ABC’s Employable Me is back for a second season, with episode 1 of 3 screening last night. The show follows nine people with disability as they navigate the minefield of finding employment. Their candid stories, setbacks and triumphs have touched the hearts of viewers across Australia; many of whom have never thought about the challenges of finding work with disability.
Last year, I did a summary piece on each episode in the 3-part series, and I’m keen to do the same this year. There’s so much to learn from the experiences of job seekers with disability, and the weekly screening of Employable Me seems a perfect opportunity to reflect.
Reputable brands leading the charge
I’d like to start by praising the ABC for backing this great series. Employable Me, and other shows spotlighting marginalised people (like ABC’s You Can’t Ask That), bring forth experiences not often seen in the mainstream. This is essential, because until people with disability are seen on our screens and within popular culture all the time, disability will never be viewed as normal, and therefore always be placed on the fringes of society.
While the voices of advocates have always been important in driving change, in reality it often takes large, established organisations and brands (like ABC) to take the lead. When reputable voices place people with disability firmly in the spotlight, important conversations begin to take place. And conversation leads to action.
A job opens doors to life
One of the most important parts of Employable Me is understanding people’s motivations for wanting to work. And importantly, understanding that for people with disability, those reasons mirror those of everyone else: money; purpose; a need to contribute to society and feel that they are making a difference.
A world where disability is normal
A theme that came across strongly last night from job seekers Kathleen, Paul and Eric, was the need for disability to be viewed as a normal, everyday part of life. Eric expressed his frustrations that he is ‘not accepted in mainstream society’, stating he ‘looks forward to a society where disability is seen as a normal part of life, and people aren’t afraid to get to know people with disability’. Similarly, when discussing her autism, Kathleen joked, ‘don’t worry, you don’t have to send me flowers, I’m fine!’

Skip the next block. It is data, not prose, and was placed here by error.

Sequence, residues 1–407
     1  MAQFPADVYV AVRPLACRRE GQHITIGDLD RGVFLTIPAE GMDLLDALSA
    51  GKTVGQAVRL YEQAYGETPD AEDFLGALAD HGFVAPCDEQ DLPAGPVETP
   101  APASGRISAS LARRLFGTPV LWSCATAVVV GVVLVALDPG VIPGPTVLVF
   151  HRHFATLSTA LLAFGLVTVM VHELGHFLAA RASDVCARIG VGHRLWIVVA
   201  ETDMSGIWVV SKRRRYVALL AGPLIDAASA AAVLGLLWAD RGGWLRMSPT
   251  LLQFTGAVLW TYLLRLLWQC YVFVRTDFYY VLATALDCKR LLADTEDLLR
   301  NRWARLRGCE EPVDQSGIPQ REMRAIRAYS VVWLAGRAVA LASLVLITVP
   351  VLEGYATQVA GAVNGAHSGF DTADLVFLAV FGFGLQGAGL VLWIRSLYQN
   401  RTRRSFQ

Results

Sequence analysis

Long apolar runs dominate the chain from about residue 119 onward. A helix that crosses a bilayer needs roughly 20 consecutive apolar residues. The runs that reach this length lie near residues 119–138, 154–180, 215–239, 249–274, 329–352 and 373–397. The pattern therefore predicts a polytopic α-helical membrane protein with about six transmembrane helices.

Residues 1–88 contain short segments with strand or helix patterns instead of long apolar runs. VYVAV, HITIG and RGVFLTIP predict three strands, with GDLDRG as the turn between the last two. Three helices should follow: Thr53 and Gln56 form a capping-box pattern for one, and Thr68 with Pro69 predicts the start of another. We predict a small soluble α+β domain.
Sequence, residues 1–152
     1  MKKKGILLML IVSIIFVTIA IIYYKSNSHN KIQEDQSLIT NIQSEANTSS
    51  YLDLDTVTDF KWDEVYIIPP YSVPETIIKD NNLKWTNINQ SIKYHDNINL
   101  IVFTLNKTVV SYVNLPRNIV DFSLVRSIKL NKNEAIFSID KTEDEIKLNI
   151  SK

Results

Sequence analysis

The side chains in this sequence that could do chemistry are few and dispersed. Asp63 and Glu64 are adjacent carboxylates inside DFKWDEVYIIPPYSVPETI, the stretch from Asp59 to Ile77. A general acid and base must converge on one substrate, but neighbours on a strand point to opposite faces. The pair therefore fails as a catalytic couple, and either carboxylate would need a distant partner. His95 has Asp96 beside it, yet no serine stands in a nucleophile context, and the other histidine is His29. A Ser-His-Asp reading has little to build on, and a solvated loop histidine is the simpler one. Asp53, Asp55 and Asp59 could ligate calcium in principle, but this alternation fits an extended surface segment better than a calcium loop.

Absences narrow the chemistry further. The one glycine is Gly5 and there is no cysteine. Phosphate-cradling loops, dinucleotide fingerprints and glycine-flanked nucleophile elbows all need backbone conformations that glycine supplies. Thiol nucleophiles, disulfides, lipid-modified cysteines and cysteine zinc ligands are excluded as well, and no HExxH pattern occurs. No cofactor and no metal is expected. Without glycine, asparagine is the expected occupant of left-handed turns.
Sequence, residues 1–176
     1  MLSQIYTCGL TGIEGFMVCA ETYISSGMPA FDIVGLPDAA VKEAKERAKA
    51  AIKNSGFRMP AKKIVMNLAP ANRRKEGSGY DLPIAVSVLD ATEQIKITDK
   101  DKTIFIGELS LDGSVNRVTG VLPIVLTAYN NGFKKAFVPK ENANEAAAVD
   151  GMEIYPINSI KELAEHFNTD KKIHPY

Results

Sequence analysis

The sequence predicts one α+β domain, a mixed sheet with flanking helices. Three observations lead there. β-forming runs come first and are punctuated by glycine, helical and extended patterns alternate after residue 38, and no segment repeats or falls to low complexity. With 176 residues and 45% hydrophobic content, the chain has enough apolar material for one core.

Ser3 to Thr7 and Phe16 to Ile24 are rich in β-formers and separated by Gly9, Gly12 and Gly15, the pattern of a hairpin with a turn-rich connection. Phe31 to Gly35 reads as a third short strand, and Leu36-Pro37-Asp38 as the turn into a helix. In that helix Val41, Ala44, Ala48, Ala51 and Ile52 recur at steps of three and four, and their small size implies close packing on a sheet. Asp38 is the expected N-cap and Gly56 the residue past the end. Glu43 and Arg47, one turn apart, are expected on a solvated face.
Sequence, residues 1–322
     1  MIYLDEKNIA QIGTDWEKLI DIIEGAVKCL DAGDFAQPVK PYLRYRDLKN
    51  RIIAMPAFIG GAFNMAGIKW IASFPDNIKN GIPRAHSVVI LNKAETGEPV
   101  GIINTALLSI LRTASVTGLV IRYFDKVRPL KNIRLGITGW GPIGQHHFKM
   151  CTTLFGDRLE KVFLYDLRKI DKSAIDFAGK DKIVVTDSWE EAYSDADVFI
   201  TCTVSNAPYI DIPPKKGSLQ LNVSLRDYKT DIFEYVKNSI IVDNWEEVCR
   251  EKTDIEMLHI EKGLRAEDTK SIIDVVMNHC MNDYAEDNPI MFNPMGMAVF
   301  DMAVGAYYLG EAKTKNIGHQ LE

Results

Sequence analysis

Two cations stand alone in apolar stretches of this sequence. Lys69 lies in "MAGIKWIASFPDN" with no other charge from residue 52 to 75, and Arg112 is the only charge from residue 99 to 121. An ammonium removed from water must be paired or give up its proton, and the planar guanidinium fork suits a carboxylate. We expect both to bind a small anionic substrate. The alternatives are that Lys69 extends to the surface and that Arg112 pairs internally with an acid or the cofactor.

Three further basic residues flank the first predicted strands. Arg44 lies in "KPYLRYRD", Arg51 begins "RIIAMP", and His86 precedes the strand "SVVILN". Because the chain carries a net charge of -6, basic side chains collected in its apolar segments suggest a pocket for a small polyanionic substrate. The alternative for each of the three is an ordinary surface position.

Learnings from job seekers
Watching Employable Me gets me thinking about high level social issues, and how to combat them. But there are so many lessons to learn from the individual job seekers letting us into their world.
Ever heard that people on the autism spectrum struggle with social interactions? We all need reminding that this is true of some but not all people. Just as we can never make a blanket rule that covers all people from the same nationality, faith, or race, the same is true of people with the same disability.
Kathleen is one of the most social, outspoken, and confident people you will ever meet. She turns stereotypes about autism on their head, as stated by the psychologist that assesses her at the start of the series.
I loved how her personality was matched so well to her role at the wax museum. At EPIC, we’re all about harnessing people’s strengths and allowing them to flourish in the right work environment. So to see Kathleen being able to let her personality shine, while she educated everyone on her extensive knowledge of pop culture, was a real pleasure.
Eric is a remarkably optimistic and happy young man, with a powerful support network around him. Eric’s mum, who is losing her vision and taking it in her stride in a remarkable way, has taught him to be work hard, remain positive, but be realistic and keep his feet on the ground.
Eric is determined to secure paid work in the health sector, and uses work experience as a way of getting a foot in the door. It’s a good play, and leads to his eventual employment at Central Coast Health.
I thought I’d share a few profound quotes from Eric last night, which speak to his determination, optimism, and no-nonsense attitude.
What do you want in life?
“I want people to see me before my disability.”
Why do you want a job?
“I have a brain and I want to use it.”
Have you ever thought about giving up?
“That’s a dumb question.”
What would having a job mean to you?
A major take-out from Paul’s story was the pure grit and resilience needed by people with disability when job hunting. It was heart wrenching to see Paul get knocked back time and time again, especially from his dream job as cleaner on Sydney Rail.
I found myself nodding when Paul’s employment consultant said:
“If only they could skip all the processes and just meet him face to face. He’d get that job just like that.”
Her statement resonated because the truth is, Paul isn’t competing on an even playing field right now. His strengths are his passion and detailed knowledge of trains, his loyalty, and his persistence and resilience in the face of adversity. Those characteristics would likely come across better in a face to face situation, rather than a basic written application.
In time, we hope that businesses will become more open-minded about hiring people with disability. But in the meantime, organisations like EPIC are available to support businesses to implement processes that give people like Paul a chance to compete equitably for roles.
I look forward to the next episode of Employable Me, and hope you’re enjoying it too!